In the lush landscapes of the South West Region, nestled within the Bakossi tribe, a culinary treasure has been cherished for generations — the delectable Kwanmkwala and Esubag (fufu and black soup).
The meal not only captivates taste buds but also weaves stories of tradition and cultural pride.
The name itself, Kwanmkwala, echoes the rhythmic dance of the pestle within the mortar as it traverses up and down, front and back, creating a symphony while pounding cooked Igbo cocoyam leaves.
The result is a velvety puree that forms the heart of this extraordinary dish.
The ingredients are a dance of flavours and nutrition. Red cocoyam leaves, Njasang, your choice of meat, dry fish, pepper, salt, magi (optional), palm oil, bush pepper, four corner spices, habanero peppers, and the white Macabo come together to create a culinary masterpiece.
Cocoyam, the star of the show, contributes rich nutritional qualities to the dish—higher in protein, vitamins, and minerals than other root and tuber crops like cassava and yam.
The cocoyam leaves, bursting with immune-boosting vitamin C, add a layer of health benefits to the gastronomic experience.
The preparation, though technical, is a labour of love.
The culinary secrets emerging from a skilled chef who is an expert in Bakossi cuisine unveil the artistry concealed within Kwanmkwala Soup:
Kwanmkwala Soup Procedure:
- “Wash the cocoyam leaves and boil them with Njasang, pepper, and spices until they turn dark green,” advises the chef.
- The chef emphasises the importance of grinding the cocoyam leaves into a paste, which forms the soup’s flavorful foundation.
- After washing and cutting meat, it should be boiled with salt and magi, with the addition of dry fish to enhance the flavour, according to the chef.
- “Introduce palm oil to the pot of meat and dry fish, letting it simmer for a burst of richness,” suggests the chef.
- The chef guides enthusiasts to add the cocoyam leaf paste to the pot, ensuring the concoction harmonises into a flavorful blend.
- “Season with salt and magi, considering the inherent seasoning in the meat and dry fish,” notes the chef.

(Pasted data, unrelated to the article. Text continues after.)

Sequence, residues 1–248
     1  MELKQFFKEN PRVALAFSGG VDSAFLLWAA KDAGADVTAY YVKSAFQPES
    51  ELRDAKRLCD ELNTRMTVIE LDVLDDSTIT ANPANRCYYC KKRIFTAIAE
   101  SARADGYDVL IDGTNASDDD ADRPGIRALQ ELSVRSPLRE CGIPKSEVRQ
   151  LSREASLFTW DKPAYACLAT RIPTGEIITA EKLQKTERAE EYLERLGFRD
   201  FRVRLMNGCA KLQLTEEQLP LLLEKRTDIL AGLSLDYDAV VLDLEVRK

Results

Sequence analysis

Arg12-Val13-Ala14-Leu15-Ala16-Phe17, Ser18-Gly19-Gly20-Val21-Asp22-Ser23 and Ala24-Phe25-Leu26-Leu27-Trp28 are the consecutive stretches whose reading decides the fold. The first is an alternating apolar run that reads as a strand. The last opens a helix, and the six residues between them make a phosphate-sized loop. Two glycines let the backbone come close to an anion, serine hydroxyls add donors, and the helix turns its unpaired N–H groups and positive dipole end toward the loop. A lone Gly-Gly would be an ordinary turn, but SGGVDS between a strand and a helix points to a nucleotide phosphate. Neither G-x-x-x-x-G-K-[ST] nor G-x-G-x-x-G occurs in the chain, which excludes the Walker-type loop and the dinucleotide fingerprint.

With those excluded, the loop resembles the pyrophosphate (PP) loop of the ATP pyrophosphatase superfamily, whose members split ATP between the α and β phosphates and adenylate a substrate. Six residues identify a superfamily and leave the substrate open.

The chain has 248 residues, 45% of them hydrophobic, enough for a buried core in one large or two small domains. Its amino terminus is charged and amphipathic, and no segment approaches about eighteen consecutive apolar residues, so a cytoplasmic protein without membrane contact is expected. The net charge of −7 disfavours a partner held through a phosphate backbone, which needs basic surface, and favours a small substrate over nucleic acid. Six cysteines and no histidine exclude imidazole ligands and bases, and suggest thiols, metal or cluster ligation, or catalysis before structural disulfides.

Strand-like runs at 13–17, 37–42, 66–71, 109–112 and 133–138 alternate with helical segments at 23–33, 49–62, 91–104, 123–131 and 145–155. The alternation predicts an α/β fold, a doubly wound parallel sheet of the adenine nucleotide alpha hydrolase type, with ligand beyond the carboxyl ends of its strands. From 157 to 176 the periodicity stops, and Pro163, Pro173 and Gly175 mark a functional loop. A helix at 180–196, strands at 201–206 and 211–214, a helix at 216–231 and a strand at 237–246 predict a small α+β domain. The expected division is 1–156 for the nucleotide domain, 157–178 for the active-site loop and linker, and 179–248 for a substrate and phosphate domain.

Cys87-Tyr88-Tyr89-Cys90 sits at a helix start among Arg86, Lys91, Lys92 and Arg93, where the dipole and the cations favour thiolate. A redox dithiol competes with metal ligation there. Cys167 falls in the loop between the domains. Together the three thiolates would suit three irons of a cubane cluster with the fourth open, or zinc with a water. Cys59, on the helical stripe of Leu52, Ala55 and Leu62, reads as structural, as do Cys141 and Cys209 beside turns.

- The final touch, as per the chef, involves allowing the mixture to simmer until the Kwanmkwala Soup is ready to be served with fufu.
Esubag (Fufu) Procedure:
- “Peel and wash cocoyams, placing them in a pot with water. Cook until the cocoyams are soft, adding water as needed,” advises the chef.
- The chef emphasises the process of pounding the cocoyams into a soft dough, which is then transferred into a bowl.
- According to the chef, the fufu is best mixed by folding the dough until it forms a perfect mould.
Compliments to the Feast:
To enhance this culinary experience, Kwanmkwala and Esubag can be complemented with an array of side dishes:
- Fried bitter leaf
- Mpuh fish
- Fried snails
- Egusi Pudding
Kwanmkwala and Esubag soup, renowned for its unique taste and nutritional value, is a delicacy enjoyed across the country.
Quotes from enthusiasts:
Ivo, a native of Tombel in the South West Region, shares with MMI, “If there is any meal I like eating all the time, it’s my traditional meal: Esubag and Kwanmkwala. It is very delicious and yummy.”
He continues, “Even when I have lost my appetite for food or to eat anything, the moment I come in contact with my traditional meal, I become mouth-watering. It’s so sweet and appetising. What a succulent meal!”
Anita, a resident of Buea, expresses her preference for the meal: “I like it because it is simply swallowed. I don’t like chewing. In addition, it contains all the classes of food, and if well prepared, it’s very delicious and appetising, even just by sight. It makes people want to try it as it is very attractive.”
For the people of Bakossi, this meal transcends sustenance; it is a celebration of heritage and a connection to the flavours that define their identity.
As they gather around the table, each bite becomes a homage to tradition and a testament to the culinary artistry that has stood the test of time.